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116th Congress    }                                      {      Report
                        HOUSE OF REPRESENTATIVES
 1st Session      }                                      {      116-92

======================================================================



 
SECURING AMERICAN NONPROFIT ORGANIZATIONS AGAINST TERRORISM ACT OF 2019

                                _______
                                

  May 30, 2019.--Committed to the Committee of the Whole House on the 
              State of the Union and ordered to be printed

                                _______
                                

 Mr. Thompson of Mississippi, from the Committee on Homeland Security, 
                        submitted the following

                              R E P O R T

                        [To accompany H.R. 2476]

    The Committee on Homeland Security, to whom was referred 
the bill (H.R. 2476) to amend the Homeland Security Act of 2002 
to provide funding to secure nonprofit facilities from 
terrorist attacks, and for other purposes, having considered 
the same, report favorably thereon without amendment and 
recommend that the bill do pass.

                                CONTENTS

                                                                   Page
Purpose and Summary..............................................     1
Background and Need for Legislation..............................     2
Hearings.........................................................     3
Committee Consideration..........................................     3
Committee Votes..................................................     4
Committee Oversight Findings.....................................     4
C.B.O. Estimate, New Budget Authority, Entitlement Authority, and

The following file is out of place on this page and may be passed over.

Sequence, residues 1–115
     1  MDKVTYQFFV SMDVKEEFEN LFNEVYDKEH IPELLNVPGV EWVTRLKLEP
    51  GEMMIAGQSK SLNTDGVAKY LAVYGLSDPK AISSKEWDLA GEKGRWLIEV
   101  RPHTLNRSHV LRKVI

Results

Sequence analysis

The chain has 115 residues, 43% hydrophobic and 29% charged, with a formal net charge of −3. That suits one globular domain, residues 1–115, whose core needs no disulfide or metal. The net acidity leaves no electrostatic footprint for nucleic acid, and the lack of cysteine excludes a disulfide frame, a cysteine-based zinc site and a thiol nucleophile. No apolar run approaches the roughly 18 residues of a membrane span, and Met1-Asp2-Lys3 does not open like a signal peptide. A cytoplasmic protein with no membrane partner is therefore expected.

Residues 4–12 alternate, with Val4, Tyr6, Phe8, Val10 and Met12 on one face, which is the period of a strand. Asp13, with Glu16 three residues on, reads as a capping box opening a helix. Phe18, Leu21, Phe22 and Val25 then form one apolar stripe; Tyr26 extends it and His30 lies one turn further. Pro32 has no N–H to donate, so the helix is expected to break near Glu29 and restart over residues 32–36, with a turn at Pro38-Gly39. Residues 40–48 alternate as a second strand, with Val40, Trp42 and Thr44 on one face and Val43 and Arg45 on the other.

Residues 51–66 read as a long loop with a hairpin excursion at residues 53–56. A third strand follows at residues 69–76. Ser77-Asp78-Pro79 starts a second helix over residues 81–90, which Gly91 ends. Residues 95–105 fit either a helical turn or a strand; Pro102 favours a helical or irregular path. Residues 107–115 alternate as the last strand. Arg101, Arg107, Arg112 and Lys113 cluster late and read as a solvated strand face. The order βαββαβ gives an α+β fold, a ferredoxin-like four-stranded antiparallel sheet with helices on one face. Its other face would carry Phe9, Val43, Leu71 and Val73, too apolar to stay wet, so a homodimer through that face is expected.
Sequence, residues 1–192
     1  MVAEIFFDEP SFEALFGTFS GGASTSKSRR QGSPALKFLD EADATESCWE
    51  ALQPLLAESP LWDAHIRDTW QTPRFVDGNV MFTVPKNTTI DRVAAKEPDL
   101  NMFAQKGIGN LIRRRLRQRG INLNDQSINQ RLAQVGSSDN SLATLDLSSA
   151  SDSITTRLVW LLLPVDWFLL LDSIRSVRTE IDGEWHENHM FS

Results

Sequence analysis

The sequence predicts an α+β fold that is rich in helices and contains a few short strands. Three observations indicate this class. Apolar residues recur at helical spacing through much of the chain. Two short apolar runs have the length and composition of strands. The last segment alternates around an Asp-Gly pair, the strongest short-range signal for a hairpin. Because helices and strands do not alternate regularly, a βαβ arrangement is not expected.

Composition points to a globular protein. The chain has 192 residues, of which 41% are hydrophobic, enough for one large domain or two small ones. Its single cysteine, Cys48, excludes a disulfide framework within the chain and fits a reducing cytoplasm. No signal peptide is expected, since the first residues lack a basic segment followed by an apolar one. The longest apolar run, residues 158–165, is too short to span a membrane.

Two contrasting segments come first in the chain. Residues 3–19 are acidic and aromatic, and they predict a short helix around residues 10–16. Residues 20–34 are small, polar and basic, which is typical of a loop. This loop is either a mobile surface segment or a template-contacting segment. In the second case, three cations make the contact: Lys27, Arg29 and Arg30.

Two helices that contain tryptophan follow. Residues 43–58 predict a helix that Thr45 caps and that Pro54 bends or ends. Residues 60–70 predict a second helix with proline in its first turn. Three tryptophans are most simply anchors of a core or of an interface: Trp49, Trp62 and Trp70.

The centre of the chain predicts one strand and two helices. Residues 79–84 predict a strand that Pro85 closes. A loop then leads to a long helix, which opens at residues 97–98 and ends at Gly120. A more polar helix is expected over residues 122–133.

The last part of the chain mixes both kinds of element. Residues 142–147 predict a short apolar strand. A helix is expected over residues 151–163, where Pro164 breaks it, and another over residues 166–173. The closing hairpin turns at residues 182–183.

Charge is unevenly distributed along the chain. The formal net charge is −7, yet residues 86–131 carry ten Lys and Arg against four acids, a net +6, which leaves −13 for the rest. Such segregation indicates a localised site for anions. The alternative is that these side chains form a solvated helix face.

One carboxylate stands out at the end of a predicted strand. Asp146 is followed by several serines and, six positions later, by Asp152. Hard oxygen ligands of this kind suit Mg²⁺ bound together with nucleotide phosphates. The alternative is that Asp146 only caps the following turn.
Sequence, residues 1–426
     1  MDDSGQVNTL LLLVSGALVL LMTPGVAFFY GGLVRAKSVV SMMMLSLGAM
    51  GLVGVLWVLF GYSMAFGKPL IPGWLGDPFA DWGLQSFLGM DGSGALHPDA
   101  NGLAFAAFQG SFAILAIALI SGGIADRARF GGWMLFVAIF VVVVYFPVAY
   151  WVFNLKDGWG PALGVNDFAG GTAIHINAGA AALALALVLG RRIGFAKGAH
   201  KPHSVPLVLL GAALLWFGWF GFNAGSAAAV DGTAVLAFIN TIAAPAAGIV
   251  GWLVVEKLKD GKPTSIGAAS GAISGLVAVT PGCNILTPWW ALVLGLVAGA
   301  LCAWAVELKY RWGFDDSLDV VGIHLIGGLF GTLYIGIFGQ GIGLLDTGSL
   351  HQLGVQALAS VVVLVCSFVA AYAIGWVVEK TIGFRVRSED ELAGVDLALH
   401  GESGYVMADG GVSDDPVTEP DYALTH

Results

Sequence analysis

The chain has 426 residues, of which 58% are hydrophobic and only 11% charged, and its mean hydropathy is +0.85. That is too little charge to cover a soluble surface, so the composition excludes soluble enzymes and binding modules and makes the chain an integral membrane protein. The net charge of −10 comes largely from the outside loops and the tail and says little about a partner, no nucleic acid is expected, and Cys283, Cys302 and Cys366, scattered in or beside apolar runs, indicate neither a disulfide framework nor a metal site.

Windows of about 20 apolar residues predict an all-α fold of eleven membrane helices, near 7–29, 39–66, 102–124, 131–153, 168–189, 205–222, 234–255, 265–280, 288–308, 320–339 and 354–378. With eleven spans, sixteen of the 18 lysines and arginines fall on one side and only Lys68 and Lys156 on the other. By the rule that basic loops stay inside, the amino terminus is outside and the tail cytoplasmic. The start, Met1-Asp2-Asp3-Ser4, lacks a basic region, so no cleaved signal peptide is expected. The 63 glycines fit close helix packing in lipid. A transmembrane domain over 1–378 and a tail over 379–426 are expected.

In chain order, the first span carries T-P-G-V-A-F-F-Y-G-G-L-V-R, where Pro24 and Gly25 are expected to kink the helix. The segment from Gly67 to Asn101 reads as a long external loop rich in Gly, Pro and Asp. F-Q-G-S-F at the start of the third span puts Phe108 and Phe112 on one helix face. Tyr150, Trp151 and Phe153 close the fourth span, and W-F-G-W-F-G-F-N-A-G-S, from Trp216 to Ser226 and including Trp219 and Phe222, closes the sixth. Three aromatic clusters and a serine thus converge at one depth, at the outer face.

Tax Expenditures...............................................     4
Federal Mandates Statement.......................................     4
Statement of General Performance Goals and Objectives............     4
Duplicative Federal Programs.....................................     4
Congressional Earmarks, Limited Tax Benefits, and Limited Tariff 
  Benefits.......................................................     5
Federal Mandates Statement.......................................     4
Advisory Committee Statement.....................................
Applicability to Legislative Branch..............................
Section-by-Section Analysis of the Legislation...................     5
Changes in Existing Law Made by the Bill, as Reported............     6

                          Purpose and Summary

    H.R. 2476, the ``Securing American Nonprofit Organizations 
Against Terrorism Act of 2019'' would amend the Homeland 
Security Act of 2002 to provide grant funding to secure 
nonprofit facilities from terrorist attacks, and for other 
purposes.

                  Background and Need for Legislation

    In recent years, there has been an increase in violence and 
threats of violence against nonprofit institutions. The latest 
of which occurred on April 27, where a gunman opened fire on 
congregants at a Passover celebration in a California